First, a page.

Nix as an OS X package manager


advanced os x users are familiar with homebrew or macports to easily install and manage software packages. however, these two well-known tools are not the exclusive players. there is growing interest in nix, especially for its use on os x.

managing packages using nix is ​​fairly straightforward and intuitive. it works well enough to replace homebrew and macports. to get started, install nix by following the instructions:

curl | sh

nix only needs access to


, it doesn’t touch any other top-level directory (nix will never pollute your




). therefore, removing nix is ​​a matter of nuking that


phone book.

once installed, the primary command line tool that you will interact with the most will be


. try installing a trivial package like this:

$ nix-env -i hello
installing ‘hello-2.10’
these paths will be fetched (0.02 mib download, 0.07 mib unpacked):
fetching path ‘/nix/store/b6bxihaz9s5c79dsgbbxvjg8w44a036i-hello-2.10’...
$ hello --version
hello (gnu hello) 2.10

note the installation path, a particular subdirectory under


. the name contains the cryptographic hash of all entries needed to build the package, essentially capturing the full build dependencies. this enables powerful nix features such as easy management of multiple package versions, atomic installation and many more.

nix also creates a


for each user you are looking for once you find an executable (the importance of the nix profile itself will be more evident once you start to familiarize yourself with nix).

$ which hello

removing a package is as easy as installing it:

$ nix-env -e hello
uninstalling ‘hello-2.10’

in many cases, nix will install a package in its binary form (as built and cached by the hydra-based build farm).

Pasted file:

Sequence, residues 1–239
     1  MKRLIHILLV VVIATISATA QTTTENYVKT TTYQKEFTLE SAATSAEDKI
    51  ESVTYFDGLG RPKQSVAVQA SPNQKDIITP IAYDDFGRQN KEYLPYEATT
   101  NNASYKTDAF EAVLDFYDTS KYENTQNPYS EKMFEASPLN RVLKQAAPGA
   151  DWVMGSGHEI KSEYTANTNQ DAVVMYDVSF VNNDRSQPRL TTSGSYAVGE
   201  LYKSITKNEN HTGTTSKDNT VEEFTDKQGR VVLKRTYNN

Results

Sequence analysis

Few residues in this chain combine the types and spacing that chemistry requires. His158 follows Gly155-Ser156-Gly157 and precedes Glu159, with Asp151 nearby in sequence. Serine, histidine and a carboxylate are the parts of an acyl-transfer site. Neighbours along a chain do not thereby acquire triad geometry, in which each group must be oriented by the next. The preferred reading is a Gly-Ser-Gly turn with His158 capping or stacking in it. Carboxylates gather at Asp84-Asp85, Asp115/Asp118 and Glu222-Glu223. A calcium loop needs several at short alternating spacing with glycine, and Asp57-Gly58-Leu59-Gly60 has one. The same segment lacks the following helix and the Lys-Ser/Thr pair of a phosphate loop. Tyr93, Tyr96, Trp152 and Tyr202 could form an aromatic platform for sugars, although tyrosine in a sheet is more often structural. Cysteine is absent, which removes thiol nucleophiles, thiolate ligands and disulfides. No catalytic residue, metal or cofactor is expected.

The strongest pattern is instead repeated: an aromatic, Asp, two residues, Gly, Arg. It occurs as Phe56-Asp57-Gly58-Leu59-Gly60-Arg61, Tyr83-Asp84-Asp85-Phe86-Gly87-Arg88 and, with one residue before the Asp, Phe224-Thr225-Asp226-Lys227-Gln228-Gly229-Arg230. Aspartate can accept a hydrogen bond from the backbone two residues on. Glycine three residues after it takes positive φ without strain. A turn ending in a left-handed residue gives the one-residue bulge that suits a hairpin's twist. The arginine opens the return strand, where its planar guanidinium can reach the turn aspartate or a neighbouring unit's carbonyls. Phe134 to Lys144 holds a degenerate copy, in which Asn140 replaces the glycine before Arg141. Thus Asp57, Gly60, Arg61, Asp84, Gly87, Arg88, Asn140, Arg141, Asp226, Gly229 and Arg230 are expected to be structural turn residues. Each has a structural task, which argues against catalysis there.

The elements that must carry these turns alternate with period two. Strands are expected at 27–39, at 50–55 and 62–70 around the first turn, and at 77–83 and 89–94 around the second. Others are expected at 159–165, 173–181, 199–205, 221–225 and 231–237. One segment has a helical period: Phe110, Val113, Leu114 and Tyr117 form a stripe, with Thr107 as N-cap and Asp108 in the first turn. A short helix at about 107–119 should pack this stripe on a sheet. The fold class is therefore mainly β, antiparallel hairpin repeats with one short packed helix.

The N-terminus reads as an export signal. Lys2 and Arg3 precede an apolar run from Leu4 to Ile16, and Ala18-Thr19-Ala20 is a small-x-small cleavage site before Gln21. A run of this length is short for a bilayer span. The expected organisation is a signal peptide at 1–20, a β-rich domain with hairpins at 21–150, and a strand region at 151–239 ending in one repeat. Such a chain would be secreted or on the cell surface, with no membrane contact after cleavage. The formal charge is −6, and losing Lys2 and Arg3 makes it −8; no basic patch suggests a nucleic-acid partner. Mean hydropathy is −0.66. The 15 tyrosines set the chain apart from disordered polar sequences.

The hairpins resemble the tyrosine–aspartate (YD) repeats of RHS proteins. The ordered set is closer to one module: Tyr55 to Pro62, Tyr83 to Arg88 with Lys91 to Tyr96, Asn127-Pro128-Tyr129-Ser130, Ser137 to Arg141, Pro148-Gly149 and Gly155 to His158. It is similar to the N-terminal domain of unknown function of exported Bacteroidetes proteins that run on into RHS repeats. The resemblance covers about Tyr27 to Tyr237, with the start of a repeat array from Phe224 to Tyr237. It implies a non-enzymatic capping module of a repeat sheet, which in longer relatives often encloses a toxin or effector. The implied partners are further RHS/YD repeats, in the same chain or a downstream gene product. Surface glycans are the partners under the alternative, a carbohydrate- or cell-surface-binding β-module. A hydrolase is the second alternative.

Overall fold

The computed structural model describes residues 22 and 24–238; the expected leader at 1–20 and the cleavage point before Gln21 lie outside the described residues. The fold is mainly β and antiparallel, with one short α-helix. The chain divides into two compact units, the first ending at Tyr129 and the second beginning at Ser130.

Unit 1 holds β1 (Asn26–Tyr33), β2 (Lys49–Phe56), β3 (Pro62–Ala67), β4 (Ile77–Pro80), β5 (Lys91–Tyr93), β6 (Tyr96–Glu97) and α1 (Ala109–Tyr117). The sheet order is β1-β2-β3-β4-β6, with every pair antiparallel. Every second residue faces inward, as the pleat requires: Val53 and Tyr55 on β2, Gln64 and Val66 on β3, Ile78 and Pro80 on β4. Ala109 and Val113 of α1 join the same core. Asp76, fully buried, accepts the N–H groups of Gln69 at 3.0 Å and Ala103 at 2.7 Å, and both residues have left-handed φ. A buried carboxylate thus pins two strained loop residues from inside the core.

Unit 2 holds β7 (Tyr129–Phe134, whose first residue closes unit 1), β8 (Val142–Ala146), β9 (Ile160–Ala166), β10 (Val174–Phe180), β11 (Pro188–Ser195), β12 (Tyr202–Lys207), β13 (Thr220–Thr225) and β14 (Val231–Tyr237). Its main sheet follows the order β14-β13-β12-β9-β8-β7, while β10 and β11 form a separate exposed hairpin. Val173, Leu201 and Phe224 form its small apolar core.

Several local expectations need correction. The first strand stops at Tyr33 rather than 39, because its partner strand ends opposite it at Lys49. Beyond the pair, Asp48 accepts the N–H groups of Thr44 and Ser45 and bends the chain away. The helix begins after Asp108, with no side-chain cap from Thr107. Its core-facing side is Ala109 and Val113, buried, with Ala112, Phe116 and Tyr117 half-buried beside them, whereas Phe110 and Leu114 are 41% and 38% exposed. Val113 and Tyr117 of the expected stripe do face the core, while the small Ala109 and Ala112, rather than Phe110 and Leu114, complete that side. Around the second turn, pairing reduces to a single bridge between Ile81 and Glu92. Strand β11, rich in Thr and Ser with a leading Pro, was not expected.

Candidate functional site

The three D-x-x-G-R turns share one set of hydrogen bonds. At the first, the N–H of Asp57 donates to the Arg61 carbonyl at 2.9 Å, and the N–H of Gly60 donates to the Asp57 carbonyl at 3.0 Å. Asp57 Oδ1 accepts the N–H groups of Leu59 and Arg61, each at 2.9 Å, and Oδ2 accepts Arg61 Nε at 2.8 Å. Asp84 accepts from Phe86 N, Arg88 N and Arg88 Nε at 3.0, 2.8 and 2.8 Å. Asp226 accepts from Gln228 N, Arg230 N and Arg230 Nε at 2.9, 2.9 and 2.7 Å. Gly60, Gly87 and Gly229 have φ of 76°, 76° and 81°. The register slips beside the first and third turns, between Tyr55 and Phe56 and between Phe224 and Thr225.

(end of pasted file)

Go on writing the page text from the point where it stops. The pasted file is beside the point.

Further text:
wondering what you can install with nix? well, nix’s collection of packages (especially on os x, around seven thousand) isn’t as impressive as homebrew and macports. however, you can find the common packages already available, from git to vim (and its plugins). to list all the available packages:

Like any package manager, nix is ​​also useful for upgrading your arsenal of tools. for example, os x el capitan is armed with git 2.6 by default. but maybe you want to use the newer git 2.8 instead. it is not a difficult undertaking:

$ git --version
git version 2.6.4 (apple git-63)
$ nix-env -i git
warning: there are multiple derivations named ‘git-2.8.0’; using the first one
installing ‘git-2.8.0’
$ which git
$ git --version
git version 2.8.0

later if you decide you don’t like the latest version and prefer to stick with the default version, the rollback leaves no significant residue and returns the system state exactly before you installed git 2.8 :

$ nix-env -e git
uninstalling ‘git-2.8.0’
$ which git
$ git --version
git version 2.6.4 (apple git-63)

these package management tasks are not unique to nix. wait for the rest of this post, where we learn the power of nix to comfortably manage multiple environments (eg python 2.7 vs python 3.5).


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